BFI has included a bit for this Flipside title, placing all of the special features on the first disc with widescreen version of the film (the second disc only includes the full screen version.) As usual all features are presented in high-definition with lossless audio.
Taking up most of the supplements are some short films by Levy. First is a 25-minute student film feature by Levy (who was going to school for his PhD) called Ten Thousand Talents, which humoursly covers life at Cambridge University. Itís a decent enough student feature (and even features a small bit of narration by a young Peter Cook) with some smiles and is certainly worth a viewing, though I suspect people far more familiar of Cambridge may get more out of it.
The leap from that film to Herostratus is rather large. While somewhat inventive and quickly edited Ten Thousand Talents is pretty straightforward. The next short film found on here, Time Is, comes a little closer to Herostratus. This 29-minute short film appears to be a science film (of sorts) on the subject time. This film is far more experimental, Levy getting more creative with his editing (including speeding up and slowing down the film) and imagery. Accompanied by a Sitar score itís actually quite effective and Levyís sure direction and editing stops the filmís subject matter from becoming too dry.
Five Films is the shortest one, running about 8-minutes. Itís a series of very short works which I think aim at simply conveying emotions. Made just before Herostratus this one closes off any gap between his short film work and that feature film. Made up of a series of images edited together (some of which appear in Time Is) with sound effects (though the first one is silent) and poetic narration itís the most experimental of the three shorts included here.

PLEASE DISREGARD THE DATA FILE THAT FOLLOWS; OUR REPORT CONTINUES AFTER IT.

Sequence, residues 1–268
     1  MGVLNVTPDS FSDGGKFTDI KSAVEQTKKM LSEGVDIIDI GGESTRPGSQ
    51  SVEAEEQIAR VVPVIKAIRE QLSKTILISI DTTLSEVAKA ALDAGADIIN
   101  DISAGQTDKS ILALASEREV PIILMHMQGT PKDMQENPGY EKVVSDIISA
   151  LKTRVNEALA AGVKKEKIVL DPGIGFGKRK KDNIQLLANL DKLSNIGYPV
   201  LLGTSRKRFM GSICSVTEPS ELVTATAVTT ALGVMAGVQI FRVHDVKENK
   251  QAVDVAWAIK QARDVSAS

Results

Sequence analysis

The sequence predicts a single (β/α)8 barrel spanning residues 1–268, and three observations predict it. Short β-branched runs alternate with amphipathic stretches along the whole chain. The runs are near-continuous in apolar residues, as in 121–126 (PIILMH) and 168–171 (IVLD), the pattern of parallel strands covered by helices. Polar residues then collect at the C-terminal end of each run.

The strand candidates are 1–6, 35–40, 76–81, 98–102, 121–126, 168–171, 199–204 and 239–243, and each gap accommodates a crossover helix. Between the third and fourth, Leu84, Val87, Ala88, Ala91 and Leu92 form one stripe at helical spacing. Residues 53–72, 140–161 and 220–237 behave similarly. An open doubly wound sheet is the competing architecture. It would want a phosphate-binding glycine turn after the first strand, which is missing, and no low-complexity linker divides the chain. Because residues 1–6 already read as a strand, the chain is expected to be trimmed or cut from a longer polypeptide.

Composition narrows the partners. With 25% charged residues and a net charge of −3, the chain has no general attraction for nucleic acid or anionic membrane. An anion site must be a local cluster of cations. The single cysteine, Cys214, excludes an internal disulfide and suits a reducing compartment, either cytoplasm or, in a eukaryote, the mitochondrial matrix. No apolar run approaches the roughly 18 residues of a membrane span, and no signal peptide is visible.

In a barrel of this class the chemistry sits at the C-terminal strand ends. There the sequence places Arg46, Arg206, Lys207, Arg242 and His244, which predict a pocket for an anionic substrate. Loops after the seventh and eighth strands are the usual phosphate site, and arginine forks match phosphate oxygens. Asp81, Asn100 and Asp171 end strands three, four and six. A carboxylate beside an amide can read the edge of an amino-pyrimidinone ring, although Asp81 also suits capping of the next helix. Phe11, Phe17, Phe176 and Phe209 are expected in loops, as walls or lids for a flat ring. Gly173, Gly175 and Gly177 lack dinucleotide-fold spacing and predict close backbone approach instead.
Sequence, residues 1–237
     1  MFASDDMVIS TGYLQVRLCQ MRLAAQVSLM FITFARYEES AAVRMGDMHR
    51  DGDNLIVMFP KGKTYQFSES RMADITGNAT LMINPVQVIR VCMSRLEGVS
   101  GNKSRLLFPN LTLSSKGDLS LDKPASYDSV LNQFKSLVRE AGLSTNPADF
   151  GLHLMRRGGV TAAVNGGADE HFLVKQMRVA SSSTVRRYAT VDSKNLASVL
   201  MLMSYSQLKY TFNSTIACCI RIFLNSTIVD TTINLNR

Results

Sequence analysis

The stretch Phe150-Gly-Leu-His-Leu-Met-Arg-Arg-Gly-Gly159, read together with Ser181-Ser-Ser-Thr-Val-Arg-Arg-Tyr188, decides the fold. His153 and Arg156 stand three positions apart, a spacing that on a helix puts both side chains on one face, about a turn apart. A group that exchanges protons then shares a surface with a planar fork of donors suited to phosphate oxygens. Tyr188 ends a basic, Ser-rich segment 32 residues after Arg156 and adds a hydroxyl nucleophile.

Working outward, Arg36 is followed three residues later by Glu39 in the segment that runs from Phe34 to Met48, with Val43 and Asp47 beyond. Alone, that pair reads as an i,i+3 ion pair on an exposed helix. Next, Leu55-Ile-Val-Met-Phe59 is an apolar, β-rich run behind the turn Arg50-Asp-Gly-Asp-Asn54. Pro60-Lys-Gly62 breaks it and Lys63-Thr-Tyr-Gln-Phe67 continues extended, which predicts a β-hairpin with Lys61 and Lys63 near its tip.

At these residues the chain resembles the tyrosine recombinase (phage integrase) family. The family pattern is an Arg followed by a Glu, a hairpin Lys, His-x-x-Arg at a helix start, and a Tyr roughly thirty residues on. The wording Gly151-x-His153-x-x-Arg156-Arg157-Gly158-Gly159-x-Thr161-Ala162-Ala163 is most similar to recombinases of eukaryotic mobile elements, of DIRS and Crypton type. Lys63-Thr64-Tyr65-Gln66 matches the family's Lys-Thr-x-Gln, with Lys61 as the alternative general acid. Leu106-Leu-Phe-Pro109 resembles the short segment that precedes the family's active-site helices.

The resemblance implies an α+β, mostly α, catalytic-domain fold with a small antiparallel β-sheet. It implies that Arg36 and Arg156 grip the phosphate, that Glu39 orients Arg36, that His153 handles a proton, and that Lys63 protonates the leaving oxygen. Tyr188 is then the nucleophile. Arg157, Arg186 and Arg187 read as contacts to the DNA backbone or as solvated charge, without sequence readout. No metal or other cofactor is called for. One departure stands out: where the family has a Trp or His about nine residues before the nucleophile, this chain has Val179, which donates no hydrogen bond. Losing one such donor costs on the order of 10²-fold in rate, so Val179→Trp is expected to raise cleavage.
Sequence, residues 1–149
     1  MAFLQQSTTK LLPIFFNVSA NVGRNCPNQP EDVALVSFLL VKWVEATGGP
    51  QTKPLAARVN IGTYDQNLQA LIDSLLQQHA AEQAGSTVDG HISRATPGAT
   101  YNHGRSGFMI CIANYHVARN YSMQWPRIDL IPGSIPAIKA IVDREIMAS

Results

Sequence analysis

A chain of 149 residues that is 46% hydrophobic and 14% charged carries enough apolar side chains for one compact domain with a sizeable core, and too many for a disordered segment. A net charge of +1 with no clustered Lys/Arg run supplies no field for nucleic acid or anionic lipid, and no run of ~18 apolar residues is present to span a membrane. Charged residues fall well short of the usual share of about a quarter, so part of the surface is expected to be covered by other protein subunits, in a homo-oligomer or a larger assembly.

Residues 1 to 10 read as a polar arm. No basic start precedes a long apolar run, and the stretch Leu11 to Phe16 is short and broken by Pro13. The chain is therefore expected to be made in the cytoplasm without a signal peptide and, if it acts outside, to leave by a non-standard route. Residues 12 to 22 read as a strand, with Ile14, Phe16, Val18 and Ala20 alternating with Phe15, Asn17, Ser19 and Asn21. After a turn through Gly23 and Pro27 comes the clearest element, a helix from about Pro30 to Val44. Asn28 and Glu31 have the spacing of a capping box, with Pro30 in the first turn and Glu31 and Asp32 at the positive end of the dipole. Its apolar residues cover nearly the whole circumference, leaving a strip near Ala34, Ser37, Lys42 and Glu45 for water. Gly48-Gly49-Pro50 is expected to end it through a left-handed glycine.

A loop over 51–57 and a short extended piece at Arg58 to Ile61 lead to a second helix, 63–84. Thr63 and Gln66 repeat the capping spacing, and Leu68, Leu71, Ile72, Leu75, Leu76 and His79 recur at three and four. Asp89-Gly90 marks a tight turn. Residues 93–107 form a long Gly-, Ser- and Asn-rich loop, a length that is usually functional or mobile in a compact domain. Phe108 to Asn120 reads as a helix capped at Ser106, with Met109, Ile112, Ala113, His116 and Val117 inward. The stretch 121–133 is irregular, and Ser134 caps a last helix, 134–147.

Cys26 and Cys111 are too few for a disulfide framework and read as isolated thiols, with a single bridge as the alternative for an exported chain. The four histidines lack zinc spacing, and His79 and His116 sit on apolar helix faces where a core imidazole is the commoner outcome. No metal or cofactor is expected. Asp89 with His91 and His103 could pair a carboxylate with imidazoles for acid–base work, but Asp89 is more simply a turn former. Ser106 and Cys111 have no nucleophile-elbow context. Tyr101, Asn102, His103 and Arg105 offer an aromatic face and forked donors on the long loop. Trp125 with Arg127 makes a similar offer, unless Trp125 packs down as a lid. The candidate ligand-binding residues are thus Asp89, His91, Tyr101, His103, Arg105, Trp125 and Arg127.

The final feature is 38-minute interview with Don Levy that was recorded in 1973. It can be a little dry at times but is worth listening to overall as Levy talks about the film, first starting with the story of the real Herostratus, and then talking about the film itself, including the production and eve giving a walkthrough that covers everything about the story of the film, but stops shy of giving away the ending. He also talks about his actors (coming off incredibly hard on Gabriella Licudi and her choice of film roles before and after his film) and the various themes in the film. Since we donít get a commentary or any other piece on the film this makes a great inclusion.
And finishing off the set is a 33-page booklet. Inside you get an essay on the film by Amnon Buchbinder and then another piece by Henry K. Miller on Levyís time at the Slade School of Fine Art. A copy of press blurbs are included on one page followed by biographies on Don Levy and the filmís star, Michael Gothard. There are then a collection of small notes on the short films included here and another note on the different aspect ratios for the film.
For a film like this I probably would have appreciated more analytical supplements but BFI have included some excellent material, Levyís short films being wonderful inclusions, displaying his growth as a filmmaker. 7/10